Based upon the nature and organization/shape of the constituting elements (grains, pores, cement, minerals etc.), which are strongly related to the depositional setting, and in relation to their diagenetic evolution, carbonate rocks are characterised by a wide range of porosity (f). The progressive burial of calcium-rich sediments, subsequently to deposition, is responsible for the progressive change of the boundary conditions (i.e. stress field, pressure and temperature, fluid composition) controlling the diagenetic processes. The interplay among the different boundary conditions and the resulting rock rheology is responsible for the development of tectonic structures within the lithified sediments. These structures may be sub-horizontal in origin, parallel to bedding and orthogonal to the loading vertical axis. In this case, the bed-parallel loading-related tectonic structures are, mechanically speaking, anti-cracks consisting in pressure solution seams, in low-f[U+F020]carbonates, and/or compaction bands in high-f carbonates. Concerning bed-parallel compaction bands, a few papers recently documented these elements in carbonate rocks. By integrating field observations and laboratory analysis, this study aims to identify and characterize the microstructure and texture of bed-parallel compaction bands present in four different porous carbonates formations, Orfento, Bolognano, Ragusa and Favignana’s carbonate grainstones, respectively. These carbonates are characterized by different ages, depositional settings, diagenetic and tectonic histories. The Orfento Formation, late Cretaceous in age, crops out in the Majella Mountain of central Italy. This formation consists of a carbonate grainstone with a porosity of about 30% and a maximum overburden comprised between 700 and 1200 m. The Bolognano Formation, Miocenic in age, also crops out in the Majella Mountain. The lower member of this formation is made up of a carbonate grainstone with a porosity ranging between 20 and 30% and maximum overburden of about 1000 m. The Ragusa Formation, Miocenic in age, crops out in the Hyblean Plateau of Sicily. This formation is comprised of a carbonate packstone with around 14% of clay content and a porosity comprised between 10 and 35%. The maximum overburden of the Ragusa Formation is comprised between 200 and 450 m. The Lower Pleistocene carbonate grainstones of Favignana, offshore Sicily, are characterized by a porosity comprised between 30 and 50% and almost no overburden (up to 30 m). Notwithstanding the compositional, textural and petrophysical differences among the studied carbonate host rocks, we document bed-parallel compaction bands that display, in the field, similar morphological and geometrical characteristics. These characteristics, previously identified as typical for deformation bands, are the positive relief, a lighter color with respect to the host rock, both “bridge” and “eye” structure, and a zonal occurrence. In this work we present the preliminary results of microstructural and textural analyses carried out on thin sections obtained from representative samples of compaction bands collected from each carbonate formation. Based upon the results of our detailed textural analysis, we document both grain and pore size variations within the compaction bands with respect to the parental rock. All the analyzed bed-parallel structures are characterized by lower values of porosity relative to their surrounding host rock, with values down to about 0% (2D observations). The grain size reduction is mainly due to inter-granular pressure solutions, which is predominant in the Orfento Formation. Due to their petrophysical properties, bed-parallel compaction bands should determine a significant heterogeneity and vertical anisotropy in both seismic velocities and hydraulic properties of granular carbonate rocks. On this regard, by mean of detailed density analysis at thin-section scales, we are currently investigating the amount and distribution of stylolites within bed-parallel bands. Preliminary results show that stylolites postdate the bands, which is therefore consistent with a localization of pressure solution controlled by the compactive mechanism due to overburden.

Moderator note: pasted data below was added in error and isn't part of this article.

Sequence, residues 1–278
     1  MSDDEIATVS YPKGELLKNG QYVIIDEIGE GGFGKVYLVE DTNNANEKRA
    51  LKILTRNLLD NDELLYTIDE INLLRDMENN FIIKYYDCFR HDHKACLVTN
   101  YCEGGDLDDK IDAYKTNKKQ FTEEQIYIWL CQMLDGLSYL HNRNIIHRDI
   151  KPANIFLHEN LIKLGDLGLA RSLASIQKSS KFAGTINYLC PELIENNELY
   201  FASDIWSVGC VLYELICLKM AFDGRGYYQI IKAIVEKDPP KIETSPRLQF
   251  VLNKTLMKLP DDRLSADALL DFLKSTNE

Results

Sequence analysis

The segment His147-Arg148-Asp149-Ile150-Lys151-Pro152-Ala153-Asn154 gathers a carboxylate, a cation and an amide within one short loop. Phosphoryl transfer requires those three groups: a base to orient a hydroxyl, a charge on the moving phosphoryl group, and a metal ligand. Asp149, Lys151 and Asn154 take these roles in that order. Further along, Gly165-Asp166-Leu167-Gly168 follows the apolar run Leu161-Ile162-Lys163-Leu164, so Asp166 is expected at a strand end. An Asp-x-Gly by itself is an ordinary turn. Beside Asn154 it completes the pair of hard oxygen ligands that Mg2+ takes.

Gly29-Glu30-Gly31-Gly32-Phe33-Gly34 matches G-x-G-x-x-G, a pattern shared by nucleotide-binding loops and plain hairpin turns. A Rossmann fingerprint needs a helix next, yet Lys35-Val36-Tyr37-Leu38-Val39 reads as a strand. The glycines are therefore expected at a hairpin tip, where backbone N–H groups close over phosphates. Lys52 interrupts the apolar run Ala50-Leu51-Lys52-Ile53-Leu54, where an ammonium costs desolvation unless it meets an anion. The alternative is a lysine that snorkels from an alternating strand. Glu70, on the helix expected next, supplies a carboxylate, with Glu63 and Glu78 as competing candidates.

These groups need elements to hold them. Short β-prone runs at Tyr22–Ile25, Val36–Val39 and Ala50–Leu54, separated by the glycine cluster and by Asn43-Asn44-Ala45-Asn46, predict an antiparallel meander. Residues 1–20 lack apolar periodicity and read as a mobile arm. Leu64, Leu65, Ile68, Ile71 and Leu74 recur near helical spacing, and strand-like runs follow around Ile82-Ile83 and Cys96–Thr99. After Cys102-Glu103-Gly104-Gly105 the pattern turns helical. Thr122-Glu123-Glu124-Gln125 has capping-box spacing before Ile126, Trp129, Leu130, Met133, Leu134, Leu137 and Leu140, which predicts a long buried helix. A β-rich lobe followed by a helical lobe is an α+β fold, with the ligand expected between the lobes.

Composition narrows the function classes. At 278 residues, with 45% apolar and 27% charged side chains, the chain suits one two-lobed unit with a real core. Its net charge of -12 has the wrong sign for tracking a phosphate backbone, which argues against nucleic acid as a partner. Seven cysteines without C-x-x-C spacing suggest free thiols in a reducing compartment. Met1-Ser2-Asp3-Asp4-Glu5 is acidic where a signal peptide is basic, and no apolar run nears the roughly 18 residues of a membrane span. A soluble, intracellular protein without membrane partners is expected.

Preliminary results of the microstructural and textural characterization of compaction bands affecting four porous carbonate formations

CILONA, ANTONINO;AGOSTA, FABRIZIO;TONDI, Emanuele
2011

Abstract